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Computer Lemon Law Proposed For Pennsylvania

HARRISBURG, Aug. 19 -- Pennsylvania consumers would be the first in the nation to receive better legal protections and recourse if they purchase a defective computer under legislation introduced by state Rep. T.J. Rooney, D-Lehigh/Northampton.

At a Capitol news conference today, Rooney outlined his bill that would establish rights for consumers who purchase defective computers and provide legal recourse for warranty abuses and ineffective repairs.

"This legislation is the first of its kind in protecting consumers from unfair business practices relating to computers," Rooney said. "Much like Pennsylvania's automobile lemon law, my legislation seeks to defend the rights of individuals who purchase a defective product they can least afford to replace.

"Next to a home and car, computers are fast becoming one of the most expensive purchases for individuals and families, especially when advancements in technology require computer users to make frequent upgrades to their system. The fact that more than 4.7 million personal computers were installed in the state's top eight metropolitan areas by 1998 illustrates the magnitude of this billion-dollar industry."

Rooney was joined by two Pennsylvania consumers who purchased defective computers and are battling the manufacturers over ineffective repairs covered under warranty.

Philadelphia resident William Hubbard spent $3,144 in 1995 on a Gateway 2000 Inc. computer that repeatedly failed to operate during the three-year warranty period. After 12 ineffective repair attempts, the computer continues to malfunction.

Doug Grande, a schoolteacher from Montgomery County, had a similar experience. The computer he purchased in 1998 from Quantez Microsystems for $2,732 with a three-year warranty failed shortly after he received it. Grande said he has been unable to obtain any warranty repairs from Quantez despite repeated requests by certified mail.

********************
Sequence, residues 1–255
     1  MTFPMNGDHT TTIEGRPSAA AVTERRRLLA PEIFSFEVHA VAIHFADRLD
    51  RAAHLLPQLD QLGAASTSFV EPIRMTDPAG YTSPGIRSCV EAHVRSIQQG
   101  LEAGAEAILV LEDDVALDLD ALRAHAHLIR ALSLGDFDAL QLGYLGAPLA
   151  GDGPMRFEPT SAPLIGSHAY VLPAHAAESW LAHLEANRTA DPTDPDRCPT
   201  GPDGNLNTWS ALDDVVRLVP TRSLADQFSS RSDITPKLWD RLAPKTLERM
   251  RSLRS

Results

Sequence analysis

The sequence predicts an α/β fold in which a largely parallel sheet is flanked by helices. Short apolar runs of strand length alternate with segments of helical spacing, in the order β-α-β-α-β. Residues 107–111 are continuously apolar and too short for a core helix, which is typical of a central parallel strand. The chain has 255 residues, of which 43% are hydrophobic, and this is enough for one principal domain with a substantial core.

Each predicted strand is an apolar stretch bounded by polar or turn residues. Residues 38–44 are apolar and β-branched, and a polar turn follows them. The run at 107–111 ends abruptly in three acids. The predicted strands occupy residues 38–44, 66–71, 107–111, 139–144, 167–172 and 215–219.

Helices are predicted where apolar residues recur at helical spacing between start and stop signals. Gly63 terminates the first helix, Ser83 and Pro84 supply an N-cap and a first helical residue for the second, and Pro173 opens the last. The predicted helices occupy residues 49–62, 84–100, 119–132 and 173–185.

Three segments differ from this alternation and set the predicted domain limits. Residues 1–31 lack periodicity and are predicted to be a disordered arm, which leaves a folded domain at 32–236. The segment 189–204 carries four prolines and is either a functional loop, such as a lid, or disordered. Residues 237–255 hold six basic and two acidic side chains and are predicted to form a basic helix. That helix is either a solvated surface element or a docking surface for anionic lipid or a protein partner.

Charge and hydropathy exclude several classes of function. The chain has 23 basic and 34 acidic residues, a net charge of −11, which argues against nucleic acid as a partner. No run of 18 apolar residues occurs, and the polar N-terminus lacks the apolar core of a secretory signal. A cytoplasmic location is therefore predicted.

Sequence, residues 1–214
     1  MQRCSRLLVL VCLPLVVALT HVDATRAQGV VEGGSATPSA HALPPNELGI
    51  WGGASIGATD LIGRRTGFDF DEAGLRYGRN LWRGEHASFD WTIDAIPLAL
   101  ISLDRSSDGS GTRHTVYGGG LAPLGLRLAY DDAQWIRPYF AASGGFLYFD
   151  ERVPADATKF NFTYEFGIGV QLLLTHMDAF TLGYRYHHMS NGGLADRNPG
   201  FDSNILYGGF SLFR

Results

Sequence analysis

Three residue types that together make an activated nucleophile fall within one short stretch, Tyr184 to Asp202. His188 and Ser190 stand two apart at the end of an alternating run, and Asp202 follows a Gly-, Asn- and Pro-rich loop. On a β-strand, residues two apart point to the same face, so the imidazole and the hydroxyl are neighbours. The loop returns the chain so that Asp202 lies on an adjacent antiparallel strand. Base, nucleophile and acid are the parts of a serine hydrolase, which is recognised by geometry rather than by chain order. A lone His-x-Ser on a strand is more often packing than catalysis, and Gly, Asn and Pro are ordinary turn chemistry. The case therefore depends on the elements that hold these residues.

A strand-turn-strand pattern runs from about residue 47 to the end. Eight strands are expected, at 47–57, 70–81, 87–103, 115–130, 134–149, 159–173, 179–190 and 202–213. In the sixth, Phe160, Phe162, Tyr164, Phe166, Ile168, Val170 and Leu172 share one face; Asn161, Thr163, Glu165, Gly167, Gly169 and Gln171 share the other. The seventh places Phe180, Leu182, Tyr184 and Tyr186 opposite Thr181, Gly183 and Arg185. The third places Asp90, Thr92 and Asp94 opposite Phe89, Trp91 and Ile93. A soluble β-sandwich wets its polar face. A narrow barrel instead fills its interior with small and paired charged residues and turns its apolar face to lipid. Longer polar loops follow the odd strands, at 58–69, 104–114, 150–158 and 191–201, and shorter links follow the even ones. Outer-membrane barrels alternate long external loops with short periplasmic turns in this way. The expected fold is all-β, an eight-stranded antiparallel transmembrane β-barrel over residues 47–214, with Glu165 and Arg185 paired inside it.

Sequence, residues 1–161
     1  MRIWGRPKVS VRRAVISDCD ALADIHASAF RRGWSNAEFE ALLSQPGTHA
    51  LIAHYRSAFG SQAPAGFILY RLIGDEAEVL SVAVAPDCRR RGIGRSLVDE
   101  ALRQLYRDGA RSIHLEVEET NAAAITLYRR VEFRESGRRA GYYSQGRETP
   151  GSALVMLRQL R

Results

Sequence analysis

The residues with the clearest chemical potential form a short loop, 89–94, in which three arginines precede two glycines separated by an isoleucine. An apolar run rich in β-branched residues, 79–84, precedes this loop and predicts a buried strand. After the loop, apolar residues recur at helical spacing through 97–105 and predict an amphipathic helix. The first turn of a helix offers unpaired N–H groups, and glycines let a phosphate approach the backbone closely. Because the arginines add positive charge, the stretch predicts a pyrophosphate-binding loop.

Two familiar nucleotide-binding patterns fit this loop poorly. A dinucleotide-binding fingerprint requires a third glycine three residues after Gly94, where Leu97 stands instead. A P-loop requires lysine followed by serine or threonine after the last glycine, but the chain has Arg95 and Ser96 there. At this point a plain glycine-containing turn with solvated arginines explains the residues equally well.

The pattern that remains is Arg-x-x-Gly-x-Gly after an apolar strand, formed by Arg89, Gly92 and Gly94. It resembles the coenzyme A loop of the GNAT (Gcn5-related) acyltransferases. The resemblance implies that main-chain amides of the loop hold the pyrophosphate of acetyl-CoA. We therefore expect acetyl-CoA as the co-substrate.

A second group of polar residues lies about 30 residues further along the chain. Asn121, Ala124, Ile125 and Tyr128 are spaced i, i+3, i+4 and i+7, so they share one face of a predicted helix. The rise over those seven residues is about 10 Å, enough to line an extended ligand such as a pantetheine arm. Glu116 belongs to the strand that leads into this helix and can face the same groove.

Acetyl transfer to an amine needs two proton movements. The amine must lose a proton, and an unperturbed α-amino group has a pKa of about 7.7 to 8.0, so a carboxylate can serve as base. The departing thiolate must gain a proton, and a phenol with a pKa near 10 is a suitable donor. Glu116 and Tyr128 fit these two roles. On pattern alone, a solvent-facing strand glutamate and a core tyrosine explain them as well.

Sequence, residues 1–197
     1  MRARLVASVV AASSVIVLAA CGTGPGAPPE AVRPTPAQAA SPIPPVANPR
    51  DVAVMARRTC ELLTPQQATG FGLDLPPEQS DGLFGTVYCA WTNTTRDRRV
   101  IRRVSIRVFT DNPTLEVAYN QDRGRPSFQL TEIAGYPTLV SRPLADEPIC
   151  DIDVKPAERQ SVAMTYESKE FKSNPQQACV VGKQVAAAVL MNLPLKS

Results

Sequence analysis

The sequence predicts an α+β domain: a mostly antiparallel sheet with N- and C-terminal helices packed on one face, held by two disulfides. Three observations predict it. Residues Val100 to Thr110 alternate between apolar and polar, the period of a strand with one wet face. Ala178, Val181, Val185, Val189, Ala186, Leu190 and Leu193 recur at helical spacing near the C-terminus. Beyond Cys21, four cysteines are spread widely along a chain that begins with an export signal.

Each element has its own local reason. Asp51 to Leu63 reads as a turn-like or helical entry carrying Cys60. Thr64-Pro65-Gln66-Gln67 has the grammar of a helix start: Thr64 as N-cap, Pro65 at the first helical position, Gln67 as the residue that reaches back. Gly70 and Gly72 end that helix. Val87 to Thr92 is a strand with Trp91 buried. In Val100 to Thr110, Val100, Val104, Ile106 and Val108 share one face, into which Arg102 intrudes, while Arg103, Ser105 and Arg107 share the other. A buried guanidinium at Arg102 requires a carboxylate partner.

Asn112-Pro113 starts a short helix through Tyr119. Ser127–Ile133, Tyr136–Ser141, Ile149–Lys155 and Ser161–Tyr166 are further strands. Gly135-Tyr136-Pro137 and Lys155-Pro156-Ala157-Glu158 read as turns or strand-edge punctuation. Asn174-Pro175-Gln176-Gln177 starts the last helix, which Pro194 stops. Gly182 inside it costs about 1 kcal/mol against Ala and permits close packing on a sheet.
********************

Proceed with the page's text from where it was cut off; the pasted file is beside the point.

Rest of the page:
"Cases like these are not uncommon in other areas of the state," said Rooney, who first became involved with the issue in response to a constituent complaint. "Right now, personal computer consumers have little or no recourse when manufacturers refuse to back up their products and warranties."

Rooney said many manufacturers also make consumers "jump through hoops" and travel to inconvenient locations to have their disputes settled. For example, by keeping a Gateway 2000 computer for 30 days, consumers automatically agree to settle any dispute exclusively and finally through binding arbitration in Chicago, Ill.

Under Rooney's legislation, computers found to be defective within two years of purchase would have to be repaired, replaced or refunded. Consumers protected under the law would be residents, students or businesses with less than 30 computer workstations.

The bill also would establish time frames for repairs within the warranty period and require manufacturers to provide a full refund or new computer to the consumer if a second repair is ineffective or untimely. Manufacturers would have to pay shipping and repair costs.

If the computer has multiple problems, a second repair attempt would not be required to get a refund or new computer. Returned computers could not be resold in Pennsylvania.

Purchasers also could initiate civil action if a dispute is not resolved. Awards would include refund or replacement, as well as punitive damages up to $6,000 depending on the case. Attorney fees and legal costs also would be covered.

To get a better picture of how many Pennsylvanians have purchased lemon computers, visit the House Democratic home page at http://www.pahouse.com/.

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